But I have not read Sahara yet, I am still on Dirt Pitt # 7 (Deep Six). So I will repost when I read the book, and watch the movie again when it is on cable.
But the argument that the book is better is silly - there is no way it can be. They have to be treated as seperate, but related, entities.
As for CC suing - well, if his contract was breached, yeah - he has the legal right. And most politicians are lawyers....so that comment must have been from the hip. That is all I will say about that.
I for one read the description of Pitt and Al in the books, and rarely picture MM or SZ as the characters, though in Deep Six when Al lights up the cigar he stole from Sanddecker and calls Pitt to tell him he was too late in Florida to get Loren off the ship, (I tried to be as vague as possible in the way I described that, for I do not want to spoil the book for people who have not read it yet), I pictured Zahn at a desk, because it fit.
Regardless, I think Zahn was the best thing in the movie, and though I liked Cruz and MM, I think as the books describe Al and Dirk, purely looks-wise, they were miscast. But they did a great job anyway. They worked well together, I felt. And I liked what they did. They got the banter, the friendship. They just do not look like we all envision them, as they are described, by CC.
John Grisham sells all his books to the movies, and only a handful of them made serious money or got good adaptions. Watching The Firm in the theater, I went out and read the book afterwards, because I could not believe the ending of the movie was the ending of the book everyone was reading two summers before. There was no way a story could end like that, and everyone on the beach was reading it, word of mouth being read this book! - with an ending like that. And I was right - they changed the ending for the movie.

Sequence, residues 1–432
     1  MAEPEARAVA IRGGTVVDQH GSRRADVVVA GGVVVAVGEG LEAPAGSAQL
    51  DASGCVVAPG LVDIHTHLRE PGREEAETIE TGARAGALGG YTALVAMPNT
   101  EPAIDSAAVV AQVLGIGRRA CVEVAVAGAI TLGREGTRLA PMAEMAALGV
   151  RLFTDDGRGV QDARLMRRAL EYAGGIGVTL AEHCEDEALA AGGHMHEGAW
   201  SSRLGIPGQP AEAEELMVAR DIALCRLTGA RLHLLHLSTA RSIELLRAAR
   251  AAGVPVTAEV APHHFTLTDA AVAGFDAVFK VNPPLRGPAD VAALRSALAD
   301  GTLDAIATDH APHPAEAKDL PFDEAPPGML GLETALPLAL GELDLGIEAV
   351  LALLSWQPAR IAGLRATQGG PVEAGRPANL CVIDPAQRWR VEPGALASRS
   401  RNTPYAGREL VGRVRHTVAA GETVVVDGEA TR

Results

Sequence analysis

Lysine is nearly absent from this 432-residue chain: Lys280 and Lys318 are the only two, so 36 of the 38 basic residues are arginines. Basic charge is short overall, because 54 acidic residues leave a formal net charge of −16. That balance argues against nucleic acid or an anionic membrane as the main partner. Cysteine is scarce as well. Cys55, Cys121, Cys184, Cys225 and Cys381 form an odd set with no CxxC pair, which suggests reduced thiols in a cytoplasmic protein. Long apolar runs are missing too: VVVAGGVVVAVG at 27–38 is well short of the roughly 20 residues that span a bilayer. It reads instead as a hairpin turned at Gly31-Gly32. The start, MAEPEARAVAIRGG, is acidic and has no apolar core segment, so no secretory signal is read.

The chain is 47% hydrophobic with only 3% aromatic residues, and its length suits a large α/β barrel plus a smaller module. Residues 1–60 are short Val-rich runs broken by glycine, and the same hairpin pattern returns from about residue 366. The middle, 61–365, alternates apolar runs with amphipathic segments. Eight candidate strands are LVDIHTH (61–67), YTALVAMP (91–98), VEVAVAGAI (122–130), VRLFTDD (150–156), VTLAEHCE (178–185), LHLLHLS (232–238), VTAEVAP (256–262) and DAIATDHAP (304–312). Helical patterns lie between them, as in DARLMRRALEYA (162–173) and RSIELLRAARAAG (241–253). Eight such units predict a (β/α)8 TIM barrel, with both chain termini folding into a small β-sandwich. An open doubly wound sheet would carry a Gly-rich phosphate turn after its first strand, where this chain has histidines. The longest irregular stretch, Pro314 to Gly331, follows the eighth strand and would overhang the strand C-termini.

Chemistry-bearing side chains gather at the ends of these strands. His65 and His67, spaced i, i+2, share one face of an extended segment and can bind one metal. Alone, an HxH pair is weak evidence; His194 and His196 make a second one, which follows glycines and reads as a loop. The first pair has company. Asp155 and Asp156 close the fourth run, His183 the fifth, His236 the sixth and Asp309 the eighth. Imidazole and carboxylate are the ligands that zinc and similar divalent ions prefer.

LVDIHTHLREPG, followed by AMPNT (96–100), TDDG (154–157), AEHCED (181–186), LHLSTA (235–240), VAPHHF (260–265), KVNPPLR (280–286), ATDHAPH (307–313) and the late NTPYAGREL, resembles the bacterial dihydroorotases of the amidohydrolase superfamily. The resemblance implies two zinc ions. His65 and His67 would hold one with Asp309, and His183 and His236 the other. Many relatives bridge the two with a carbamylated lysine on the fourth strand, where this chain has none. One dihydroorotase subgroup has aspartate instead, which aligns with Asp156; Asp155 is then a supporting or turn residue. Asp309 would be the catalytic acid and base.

If people like the story, and the characters, they will find Sahara if they haven't already. That is why they release movie tie-in covers of novels.
oswalder - September 30, 2005 09:55 PM (GMT)
Well put... thanks for the post! w:
sharkluver22 - October 6, 2005 06:25 PM (GMT)
Hey everyone! I agree with you brocktoon75.
My boyfriend and his father have been trying to get me to read these books for ages and I kept putting it off. When I found out they were making a movie I decided it was time to start reading. I've been hooked ever since. I wasn't very far along the series when the movie came out, but I fell in love with both the books and the movie.
I think they could have done a better job of Pitt's character in the movie, but I love all of the choices for actors. I think Steve Zahn did a great job portraying Al and I think Matthew did a wonderful job with Dirk. I wish that there was just "the perfect actor" to play every book to movie adaptation, but since there very rarely is...I have to look past it.
As I was going to say though, I saw the movie before I read the book and I see them as similar but not the same. To me they will always be two seperate stories. I can enjoy them both the same.
I do like how the story of the Texas fit in the movie better than in the book. It seemed almost as if the discovery was an afterthought in the book.
I hope Cussler lets them do another movie and I hope they follow his wishes. He did okay Matthew for Dirk, Steve for Al, and W.H.M for Sandecker. I think William H. Macy did a superb job with Sandecker.
Foss Gly - October 6, 2005 06:51 PM (GMT)
Hiya, sharkluver22 and welcometo the forum!! w:
I don't think that the discovery of the Texas in the novel was an afterthought, though I can see why some think that. It's just so much more happened in the book that the ironclad plot gets pushed aside a little, whereas the movie focused more on the ship and Dirk's quest to find it. At least, that's my take on it.
oswalder - October 7, 2005 12:35 AM (GMT)